Peterson states that the difficulty lies in knowing why something is evil, not that there is such a thing as evil. He alludes to the distinction between moral epistemology and moral ontology. Nonetheless, I’m sure Peterson would not dispute that “torturing little babies for fun” is unquestionably evil. In the past, he has said that abortion is wrong and that we know it, despite the complexities that may be involved from case to case. Interestingly, once evil is acknowledged, so must be good and, consequently, the moral law that provides the ability to discern between the two. This is something we can see Peterson agreeing with, but he fails to go one step further. Ultimately, it presupposes the existence of a moral lawgiver, even though the problem of evil seeks to undermine the very existence of an all-powerful, all-knowing, and all-loving God. I believe it inevitably creates more difficulty for the nonbelievers who assume evil. On the one hand, they must confront the nihilist, who denies any objective meaning and value in the absence of God, and on the other, the theist, who has coherent grounds for affirming objective meaning and value. This is something that I would encourage Peterson to explore further.

Whence Morality?

I found that Goldstein’s arguments were weak and uninteresting, as were the majority of the typical atheist objections to theism. She invoked the old Euthyphro dilemma, which is worth discussing for those unfamiliar with this dichotomous argument. In Plato’s dialogue Euthyphro, Socrates asks Euthyphro whether something is pious in and of itself and therefore loved by the gods for being such, or whether something is pious because the gods love it. This dilemma has been transposed into a problematic one for Christian theism with respect to the foundation of objective morality. The first horn of the dilemma demonstrates that certain things are right or wrong in and of themselves, independent of God’s command. This horn of the dilemma creates problems with respect to God’s sovereignty and omnipotence, the possibility of morals being independent from God, and, thirdly, God’s freedom. The second horn of the dilemma demonstrates that nothing can be right or wrong outside of God’s command. The obvious problem with this is that God’s goodness is reduced to his will, which suggests that morality is arbitrary. Following a long line of Christian philosophers and theologians for many centuries, including St. Augustine, St. Anselm of Canterbury, and St. Thomas Aquinas, Craig argues that the Euthyphro dilemma is a false one since God does not obey a morality outside of Himself, nor does He create morality. Instead of being “created” by God, morality is grounded in God’s very own good nature.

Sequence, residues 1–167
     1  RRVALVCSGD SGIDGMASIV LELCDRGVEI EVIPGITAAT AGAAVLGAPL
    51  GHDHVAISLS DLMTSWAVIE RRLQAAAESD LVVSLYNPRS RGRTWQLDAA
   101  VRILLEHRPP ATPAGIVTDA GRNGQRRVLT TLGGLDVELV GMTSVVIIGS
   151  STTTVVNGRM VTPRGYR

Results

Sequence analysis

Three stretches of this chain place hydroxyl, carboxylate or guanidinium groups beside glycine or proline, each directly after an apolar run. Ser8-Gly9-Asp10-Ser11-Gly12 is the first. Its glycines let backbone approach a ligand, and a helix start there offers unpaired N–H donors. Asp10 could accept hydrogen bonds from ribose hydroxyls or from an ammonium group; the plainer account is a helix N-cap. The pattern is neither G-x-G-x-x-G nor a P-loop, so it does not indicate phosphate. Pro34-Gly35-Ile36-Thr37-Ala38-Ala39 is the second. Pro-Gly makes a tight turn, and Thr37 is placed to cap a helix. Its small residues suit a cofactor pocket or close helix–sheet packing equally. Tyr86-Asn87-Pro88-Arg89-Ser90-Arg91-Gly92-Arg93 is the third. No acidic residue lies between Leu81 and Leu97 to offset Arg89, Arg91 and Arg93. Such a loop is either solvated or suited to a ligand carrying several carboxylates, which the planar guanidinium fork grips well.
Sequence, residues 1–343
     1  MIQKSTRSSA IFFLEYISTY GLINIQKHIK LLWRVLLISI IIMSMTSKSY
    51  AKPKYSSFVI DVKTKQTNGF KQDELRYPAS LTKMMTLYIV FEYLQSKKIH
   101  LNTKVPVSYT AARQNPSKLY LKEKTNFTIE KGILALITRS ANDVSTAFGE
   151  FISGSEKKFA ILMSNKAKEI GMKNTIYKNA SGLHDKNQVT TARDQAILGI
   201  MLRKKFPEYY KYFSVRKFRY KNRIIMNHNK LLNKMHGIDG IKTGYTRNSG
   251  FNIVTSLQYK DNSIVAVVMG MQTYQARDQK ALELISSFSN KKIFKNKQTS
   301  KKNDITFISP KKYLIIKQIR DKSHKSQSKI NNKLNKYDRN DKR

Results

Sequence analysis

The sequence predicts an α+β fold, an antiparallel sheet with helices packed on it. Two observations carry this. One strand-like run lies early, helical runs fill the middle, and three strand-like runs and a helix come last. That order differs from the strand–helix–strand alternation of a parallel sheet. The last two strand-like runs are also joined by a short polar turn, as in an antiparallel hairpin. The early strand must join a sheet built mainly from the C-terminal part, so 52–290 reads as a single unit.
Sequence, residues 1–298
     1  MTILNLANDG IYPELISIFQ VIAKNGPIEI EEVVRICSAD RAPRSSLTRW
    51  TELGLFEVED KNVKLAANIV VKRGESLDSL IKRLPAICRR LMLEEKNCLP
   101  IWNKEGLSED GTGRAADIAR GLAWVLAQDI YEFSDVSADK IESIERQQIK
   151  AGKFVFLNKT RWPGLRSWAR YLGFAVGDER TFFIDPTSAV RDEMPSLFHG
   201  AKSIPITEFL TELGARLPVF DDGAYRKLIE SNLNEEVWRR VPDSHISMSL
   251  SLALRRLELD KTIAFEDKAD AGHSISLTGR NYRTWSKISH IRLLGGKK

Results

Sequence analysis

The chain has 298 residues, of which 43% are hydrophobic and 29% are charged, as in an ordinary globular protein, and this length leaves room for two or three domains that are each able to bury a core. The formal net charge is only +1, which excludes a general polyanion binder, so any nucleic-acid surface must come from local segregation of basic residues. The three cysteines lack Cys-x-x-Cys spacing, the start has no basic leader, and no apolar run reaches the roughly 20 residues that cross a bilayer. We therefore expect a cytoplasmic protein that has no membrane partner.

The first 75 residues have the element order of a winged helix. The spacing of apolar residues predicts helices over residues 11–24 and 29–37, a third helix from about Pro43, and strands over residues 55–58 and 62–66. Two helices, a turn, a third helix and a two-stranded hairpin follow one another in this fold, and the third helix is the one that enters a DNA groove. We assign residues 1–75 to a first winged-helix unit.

The “coup de grâce,” or what Peterson may describe as a “Ha, Gotcha!” moment (similar to his destruction of Cathy Newman on the gender pay gap debate on Channel 4), of the whole discussion was when Craig finished off with a quote by psychologist Steven Pinker, one that completely contradicted everything Goldstein was arguing for. This rendered Goldstein speechless, since Pinker is her husband. All this is to say that her position, as the typical naturalist who tries to affirm meaning, is utterly defenseless and inconsistent.

An Impetus Towards Theism